Spark Cluster Computing with Working Sets

Spark Cluster Computing with Working Sets


BDAS, the Berkeley Data Analytics Stack

BDAS, the Berkeley Data Analytics Stack, is an open source software stack that integrates software components being built by the AMPLab to make sense of Big Data.


BDAS consists of the components shown below. Components shown in Blue or Green are available for download now. Click on a title to go that project’s homepage.

In-house Apps
Access and
Processing Engine
Resource Virtualization
AMPLab Developed Spark Community 3rd Party In Development



BDAS will continue to evolve over the life of the AMPLab project, as existing components evolve and mature and new ones are added.


  • Software project Meetups – Help organize monthly developer meetups around BDAS components. Check out theSpark/Shark meetup group, the Mesos meetup group, and the Tachyon meetup group
  • AMP Camp “Big Data Bootcamp” – Two days packed full of software system intros, demos and hands-on exercises. Aims to bring practitioners with no prior experience up to speed and writing real code with real advanced algorithms.
  • Support – Unlike many research software prototypes that never see production use, we support BDAS software components by actively monitoring and responding on developer and user mailing lists.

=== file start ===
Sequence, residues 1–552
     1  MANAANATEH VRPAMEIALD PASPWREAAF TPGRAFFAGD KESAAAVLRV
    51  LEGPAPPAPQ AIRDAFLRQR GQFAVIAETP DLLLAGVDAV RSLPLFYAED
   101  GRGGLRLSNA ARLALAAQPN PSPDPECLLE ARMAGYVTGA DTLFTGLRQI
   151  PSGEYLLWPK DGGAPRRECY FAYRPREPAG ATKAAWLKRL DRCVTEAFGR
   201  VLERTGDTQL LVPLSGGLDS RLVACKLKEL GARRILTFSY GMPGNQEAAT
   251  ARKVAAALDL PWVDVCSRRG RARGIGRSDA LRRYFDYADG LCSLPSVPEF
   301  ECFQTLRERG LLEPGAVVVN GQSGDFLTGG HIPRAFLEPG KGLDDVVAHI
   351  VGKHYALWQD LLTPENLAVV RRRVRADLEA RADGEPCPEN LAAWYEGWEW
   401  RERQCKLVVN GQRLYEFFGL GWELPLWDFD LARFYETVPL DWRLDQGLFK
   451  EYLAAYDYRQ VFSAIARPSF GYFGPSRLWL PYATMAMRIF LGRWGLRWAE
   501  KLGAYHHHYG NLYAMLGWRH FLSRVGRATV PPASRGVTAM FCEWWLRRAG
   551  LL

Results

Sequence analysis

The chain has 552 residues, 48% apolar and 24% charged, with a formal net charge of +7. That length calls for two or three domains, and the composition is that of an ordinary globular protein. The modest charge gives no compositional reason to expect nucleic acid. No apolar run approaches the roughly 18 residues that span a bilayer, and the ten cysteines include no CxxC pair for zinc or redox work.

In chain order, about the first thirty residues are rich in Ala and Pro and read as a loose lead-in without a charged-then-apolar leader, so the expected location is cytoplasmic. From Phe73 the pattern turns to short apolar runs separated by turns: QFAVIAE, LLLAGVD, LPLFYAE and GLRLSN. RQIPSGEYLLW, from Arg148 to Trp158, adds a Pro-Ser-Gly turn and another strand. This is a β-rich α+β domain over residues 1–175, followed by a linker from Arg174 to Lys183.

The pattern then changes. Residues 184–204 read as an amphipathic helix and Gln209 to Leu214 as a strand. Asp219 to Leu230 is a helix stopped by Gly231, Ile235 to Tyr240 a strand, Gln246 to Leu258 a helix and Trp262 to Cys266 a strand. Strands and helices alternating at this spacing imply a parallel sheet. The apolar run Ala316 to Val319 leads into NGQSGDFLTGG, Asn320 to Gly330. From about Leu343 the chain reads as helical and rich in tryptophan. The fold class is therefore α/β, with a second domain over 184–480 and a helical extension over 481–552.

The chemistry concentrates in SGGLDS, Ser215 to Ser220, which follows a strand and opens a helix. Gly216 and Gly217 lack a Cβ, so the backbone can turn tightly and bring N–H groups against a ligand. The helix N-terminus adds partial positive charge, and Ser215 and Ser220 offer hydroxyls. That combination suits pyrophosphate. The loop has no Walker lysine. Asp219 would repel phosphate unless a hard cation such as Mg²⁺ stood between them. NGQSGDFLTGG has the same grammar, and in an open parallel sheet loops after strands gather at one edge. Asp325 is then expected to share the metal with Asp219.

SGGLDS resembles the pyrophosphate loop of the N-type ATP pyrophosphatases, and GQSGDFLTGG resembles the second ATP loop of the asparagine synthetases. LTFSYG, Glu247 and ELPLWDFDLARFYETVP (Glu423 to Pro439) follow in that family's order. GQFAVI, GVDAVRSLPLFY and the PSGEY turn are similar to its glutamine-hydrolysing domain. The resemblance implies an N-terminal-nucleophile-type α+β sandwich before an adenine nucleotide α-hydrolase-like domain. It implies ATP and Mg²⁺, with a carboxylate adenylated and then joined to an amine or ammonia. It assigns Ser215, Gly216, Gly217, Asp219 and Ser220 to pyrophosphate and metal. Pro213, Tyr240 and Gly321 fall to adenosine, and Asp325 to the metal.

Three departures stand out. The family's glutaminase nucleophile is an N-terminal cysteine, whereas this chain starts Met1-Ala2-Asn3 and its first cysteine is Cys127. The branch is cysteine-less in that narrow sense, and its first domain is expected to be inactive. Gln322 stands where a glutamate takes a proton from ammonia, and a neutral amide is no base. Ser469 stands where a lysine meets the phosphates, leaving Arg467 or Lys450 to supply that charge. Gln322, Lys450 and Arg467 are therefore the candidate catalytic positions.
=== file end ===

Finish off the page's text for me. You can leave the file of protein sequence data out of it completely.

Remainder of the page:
Spark SQL: Relational Data Processing in Spark

Spark SQL is a new module in Apache Spark that integrates relational processing with Spark’s functional programming API. Built on our experience with Shark, Spark SQL lets Spark programmers leverage the benefits of relational processing (e.g., declarative queries and optimized storage), and lets SQL users call complex analytics libraries in Spark (e.g., machine learning). Compared to previous systems, Spark SQL makes two main additions. First, it offers much tighter integration between relational and procedural processing, through a declarative DataFrame API that integrates with procedural Spark code. Second, it includes a highly extensible optimizer, Catalyst, built using features of the Scala programming language, that makes it easy to add composable rules, control code generation, and define extension points. Using Catalyst, we have built a variety of features (e.g., schema inference for JSON, machine learning types, and query federation to external databases) tailored for the complex needs of modern data analysis. We see Spark SQL as an evolution of both SQL-on-Spark and of Spark itself, offering richer APIs and optimizations while keeping the benefits of the Spark programming model


Recent performance improvements in Apache Spark: SQL, Python, DataFrames, and More

In this post, we look back and cover recent performance efforts in Spark. In a follow-up blog post next week, we will look forward and share with you our thoughts on the future evolution of Spark’s performance.